Taste: Just as you'd expect from a Double IPA, there's a generous flourish of hops up front. They're citrusy, piney, resiny, and nicely bitter. That nearly nine percent alcohol content is hidden rather well with. Underneath all of this, there's a solid enough caramel malt backbone to keep it all together. Lots of resiny, bitter hops and a few wisps of booze in the finish.

Mouthfeel: A fuller than medium body with moderate carbonation and a dry finish.

Drinkability: Perhaps a little above average for the style in this department, despite the high IBU rating. Just watch out for the nearly nine percent alcohol.

Verdict: Hop Henge is a tasty and quite serviceable Double IPA, though I might stop short of calling it "experimental." A definite pickup for the hopheads.

Grade: A-

Note: While this review is being published in August, the tasting notes contained within were taken when the beer was fresh in spring 2009.

Brooklyn Local 1 Review

Brewery: Brooklyn Brewery | Beer: Local 1
Style: Belgian Golden Strong Ale | ABV: 9.0% | IBUs: 32
Serving Method: 750ml bottle poured into tulip glass

Brooklyn Local 1The first in Brooklyn's Big Bottle series, Local 1 is a Belgian Golden Strong Ale (though Garrett has been known to refer to it as a "strong Saison"). It debuted in 2008 and is based on the old draft-only brew Fortitude. Despite being on the shelves for just a couple of years, the beer has already built up a lot of buzz and spawned a second beer in the series.

As for basic construction, the backbone is built from two-row Pilsener malt from Bamberg, Germany, hop character comes from Hallertauer Perle and Styrian Golding varieties, and everything is brought to life with Belgian yeast. The recipe also calls for raw sugar from the tiny island nation of Mauritius. Once fermented, the beer is bottle conditioned for more depth.

Here's how Brooklyn describe the finished product:

Behind the full golden color you'll find an alluring aroma, a dynamic complex of flavors, Belgian flair, Brooklyn fortitude, and a dusting of our special yeast.
Sounds great, let's pop this cork and get started.

Appearance: Wow, what a gusher! Despite a week of sitting still in the fridge, after carefully removing the cork from the bottle, the beer starting flowing out of the bottle like champagne within seconds. In fact, a few minutes after pouring the first portion, a two inch tower of dense foam snaked out of the bottle and softly floated down to the table. It's alive! Once you finally corral the beer into a glass, a beautifully hazy apricot-orange body is revealed. Up top, a massive cap of off-white head fades slowly and leaves great lacing. Local 1 puts on quite the show, even before you've raised the glass to your nose.

Aroma: Clearly a Belgian-style beer, the nose is a mix of golden fruit, a bouquet of spices, bubblegum-like yeast, earthy hops, and some nice alcohol.

Taste: Much the same as the aroma: leafy and earthy hops, mild bubblegum, golden fruit, cloves, coriander, peppery phenols, and bready yeast all over a pale malt backbone. The alcohol is masked beautifully. Fruity and yeasty in the finish.

Mouthfeel: Medium bodied with great carbonation and a drying finish. Just a hint of burn from the alcohol.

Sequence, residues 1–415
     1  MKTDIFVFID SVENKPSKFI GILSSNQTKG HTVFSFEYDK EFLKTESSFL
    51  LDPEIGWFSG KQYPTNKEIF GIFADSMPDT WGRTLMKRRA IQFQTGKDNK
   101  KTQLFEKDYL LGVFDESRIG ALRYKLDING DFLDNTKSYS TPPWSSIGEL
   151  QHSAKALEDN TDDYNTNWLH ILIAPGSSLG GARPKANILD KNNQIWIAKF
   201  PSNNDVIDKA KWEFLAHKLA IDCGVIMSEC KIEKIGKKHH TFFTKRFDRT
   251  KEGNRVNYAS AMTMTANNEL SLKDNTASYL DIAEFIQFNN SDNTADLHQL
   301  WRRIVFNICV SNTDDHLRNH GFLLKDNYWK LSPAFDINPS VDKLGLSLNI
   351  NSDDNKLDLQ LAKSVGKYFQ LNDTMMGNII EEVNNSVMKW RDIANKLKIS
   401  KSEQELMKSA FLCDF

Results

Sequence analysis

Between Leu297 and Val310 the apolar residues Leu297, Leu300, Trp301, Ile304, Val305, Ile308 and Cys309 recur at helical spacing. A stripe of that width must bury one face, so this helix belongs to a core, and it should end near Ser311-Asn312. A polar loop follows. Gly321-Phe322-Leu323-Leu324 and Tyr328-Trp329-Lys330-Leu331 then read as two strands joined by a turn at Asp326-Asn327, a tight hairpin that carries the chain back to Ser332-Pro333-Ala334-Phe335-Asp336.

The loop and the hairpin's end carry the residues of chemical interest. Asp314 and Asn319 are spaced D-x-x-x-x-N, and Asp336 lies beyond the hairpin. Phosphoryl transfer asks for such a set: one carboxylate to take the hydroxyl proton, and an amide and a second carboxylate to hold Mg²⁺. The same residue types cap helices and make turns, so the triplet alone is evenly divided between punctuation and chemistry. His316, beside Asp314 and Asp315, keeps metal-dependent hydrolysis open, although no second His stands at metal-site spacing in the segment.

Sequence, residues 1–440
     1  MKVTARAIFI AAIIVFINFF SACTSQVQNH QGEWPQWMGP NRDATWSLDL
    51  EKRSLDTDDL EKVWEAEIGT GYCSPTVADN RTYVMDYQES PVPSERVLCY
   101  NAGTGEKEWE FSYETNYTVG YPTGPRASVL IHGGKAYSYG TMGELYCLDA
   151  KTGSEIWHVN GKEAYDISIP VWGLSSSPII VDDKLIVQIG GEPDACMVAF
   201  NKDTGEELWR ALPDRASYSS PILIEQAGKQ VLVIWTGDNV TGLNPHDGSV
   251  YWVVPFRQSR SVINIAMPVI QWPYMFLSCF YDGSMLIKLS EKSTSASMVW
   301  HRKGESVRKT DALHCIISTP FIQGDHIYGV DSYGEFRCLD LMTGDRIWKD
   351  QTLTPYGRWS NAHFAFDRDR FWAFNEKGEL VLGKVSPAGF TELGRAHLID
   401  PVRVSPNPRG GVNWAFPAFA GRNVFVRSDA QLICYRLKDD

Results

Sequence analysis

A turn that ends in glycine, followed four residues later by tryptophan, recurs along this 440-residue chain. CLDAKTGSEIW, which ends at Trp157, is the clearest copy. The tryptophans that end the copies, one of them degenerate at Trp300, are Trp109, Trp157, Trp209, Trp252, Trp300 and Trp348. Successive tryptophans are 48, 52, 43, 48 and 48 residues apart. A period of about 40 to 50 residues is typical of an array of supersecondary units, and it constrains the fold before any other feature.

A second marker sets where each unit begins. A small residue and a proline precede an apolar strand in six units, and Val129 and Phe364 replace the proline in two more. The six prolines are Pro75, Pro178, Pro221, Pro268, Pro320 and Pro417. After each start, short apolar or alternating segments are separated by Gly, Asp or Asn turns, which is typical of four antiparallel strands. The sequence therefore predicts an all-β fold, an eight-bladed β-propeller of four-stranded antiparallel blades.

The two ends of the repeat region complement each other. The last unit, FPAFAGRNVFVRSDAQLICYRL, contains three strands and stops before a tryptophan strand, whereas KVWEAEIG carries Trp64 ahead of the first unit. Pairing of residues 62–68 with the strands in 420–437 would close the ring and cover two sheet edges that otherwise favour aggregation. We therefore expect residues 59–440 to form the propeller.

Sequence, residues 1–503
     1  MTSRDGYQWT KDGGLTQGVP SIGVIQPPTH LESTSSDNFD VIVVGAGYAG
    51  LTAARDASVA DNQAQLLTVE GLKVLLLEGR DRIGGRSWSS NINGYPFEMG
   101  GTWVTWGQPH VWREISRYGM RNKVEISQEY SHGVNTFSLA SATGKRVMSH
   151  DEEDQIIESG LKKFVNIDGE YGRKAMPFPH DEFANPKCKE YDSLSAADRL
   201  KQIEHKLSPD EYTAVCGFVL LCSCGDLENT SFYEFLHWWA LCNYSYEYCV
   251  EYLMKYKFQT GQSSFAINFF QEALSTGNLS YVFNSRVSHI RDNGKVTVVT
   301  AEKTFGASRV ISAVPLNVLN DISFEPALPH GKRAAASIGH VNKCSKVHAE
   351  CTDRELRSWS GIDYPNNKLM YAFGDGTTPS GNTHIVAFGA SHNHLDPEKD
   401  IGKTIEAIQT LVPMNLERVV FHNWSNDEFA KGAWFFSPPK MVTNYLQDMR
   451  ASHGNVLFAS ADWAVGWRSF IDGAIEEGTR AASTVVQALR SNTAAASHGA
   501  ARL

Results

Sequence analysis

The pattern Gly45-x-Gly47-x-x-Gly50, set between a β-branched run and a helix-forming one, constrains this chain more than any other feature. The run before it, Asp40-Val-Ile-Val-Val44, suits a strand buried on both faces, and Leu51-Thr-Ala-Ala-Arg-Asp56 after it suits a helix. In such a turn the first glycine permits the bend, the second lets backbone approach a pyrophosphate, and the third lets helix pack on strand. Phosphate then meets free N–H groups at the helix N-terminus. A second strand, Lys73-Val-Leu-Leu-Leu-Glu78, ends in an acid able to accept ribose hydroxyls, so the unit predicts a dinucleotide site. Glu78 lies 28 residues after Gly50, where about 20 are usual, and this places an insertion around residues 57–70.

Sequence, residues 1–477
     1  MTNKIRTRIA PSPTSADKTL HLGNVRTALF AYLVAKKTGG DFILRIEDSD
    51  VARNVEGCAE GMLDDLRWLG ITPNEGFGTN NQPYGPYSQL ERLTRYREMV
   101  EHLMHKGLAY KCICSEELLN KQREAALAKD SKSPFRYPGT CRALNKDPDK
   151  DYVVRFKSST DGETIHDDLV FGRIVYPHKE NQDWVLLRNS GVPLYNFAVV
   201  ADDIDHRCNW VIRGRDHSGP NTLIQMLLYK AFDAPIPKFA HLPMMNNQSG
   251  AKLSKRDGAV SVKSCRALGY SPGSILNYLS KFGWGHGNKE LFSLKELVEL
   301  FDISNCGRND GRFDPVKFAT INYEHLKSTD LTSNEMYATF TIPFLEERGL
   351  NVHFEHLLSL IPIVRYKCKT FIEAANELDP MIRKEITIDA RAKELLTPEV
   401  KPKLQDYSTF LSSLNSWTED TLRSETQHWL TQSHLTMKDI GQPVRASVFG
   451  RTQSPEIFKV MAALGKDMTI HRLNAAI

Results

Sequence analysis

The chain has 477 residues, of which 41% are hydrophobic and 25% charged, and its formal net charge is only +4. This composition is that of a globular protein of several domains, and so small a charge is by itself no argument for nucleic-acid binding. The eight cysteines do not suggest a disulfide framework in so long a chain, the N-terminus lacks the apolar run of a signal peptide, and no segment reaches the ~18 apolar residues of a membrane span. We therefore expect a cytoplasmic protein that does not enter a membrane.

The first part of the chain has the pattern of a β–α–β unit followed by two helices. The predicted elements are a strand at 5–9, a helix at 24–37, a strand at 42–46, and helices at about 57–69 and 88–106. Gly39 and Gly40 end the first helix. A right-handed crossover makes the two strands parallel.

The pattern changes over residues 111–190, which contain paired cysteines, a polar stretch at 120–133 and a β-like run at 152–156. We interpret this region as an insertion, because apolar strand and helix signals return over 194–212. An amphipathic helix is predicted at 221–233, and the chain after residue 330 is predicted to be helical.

Drinkability: This is certainly a beer to be savored, but it's hardly a task to polish off a glass or two.

Verdict: To be perfectly frank, after sampling a few of Brooklyn's more mainstream beers, I was starting to wonder what all the fuss was about. But after a bottle of Local 1, I wonder no more. This is, without a doubt, one the very best Belgian-style American beers I've tried yet.

Grade: A

Monday, August 9, 2010

Harpoon UFO White Review

Brewery: Harpoon Brewery | Beer: UFO White
Style: Witbier | ABV: 4.8% | IBUs: 10
Serving Method: 12 oz. bottle poured into pint glass

Harpoon UFO WhiteEarlier today, I reviewed Harpoon's UFO Hefeweizen and mentioned that it was such a hit that it had spawned a whole new brand. Well, only one of the beers in that line has made it to Houston: UFO White. While the Hefeweizen was rather mediocre, I still have high hopes for this brew.

As the name implies, UFO White is a Witbier. Harpoon doesn't provide any specifics on ingredients or process besides the fact that it's brewed with orange peel and "a unique blend" of spices, but here's how they describe the finished product:

Light, crisp, refreshing UFO White follows in the tradition of spiced wheat beers that have been brewed in Belgium for well over 300 years. UFO White is the perfect choice for a summer’s barbecue, a night out with friends or any time you're thirsting for something a little different.
I'm not sure if I'm quite thirsting for something a little different, but let's crack this bad boy open anyway.

Appearance: A beautifully hazy, golden-straw body capped by a finger and a half of creamy, nearly white head that features good retention and lacing.

Aroma: Floral and perfumey citrus over a mild wheat base. I can almost imagine that this is a fancy candle under my nose.

Taste: Perfumey citrus peel, tropical fruit, mild yeast, and spices (clove and coriander mostly) over a bready wheat base that is much more pronounced than in the nose. The aftertaste is citrusy and bready.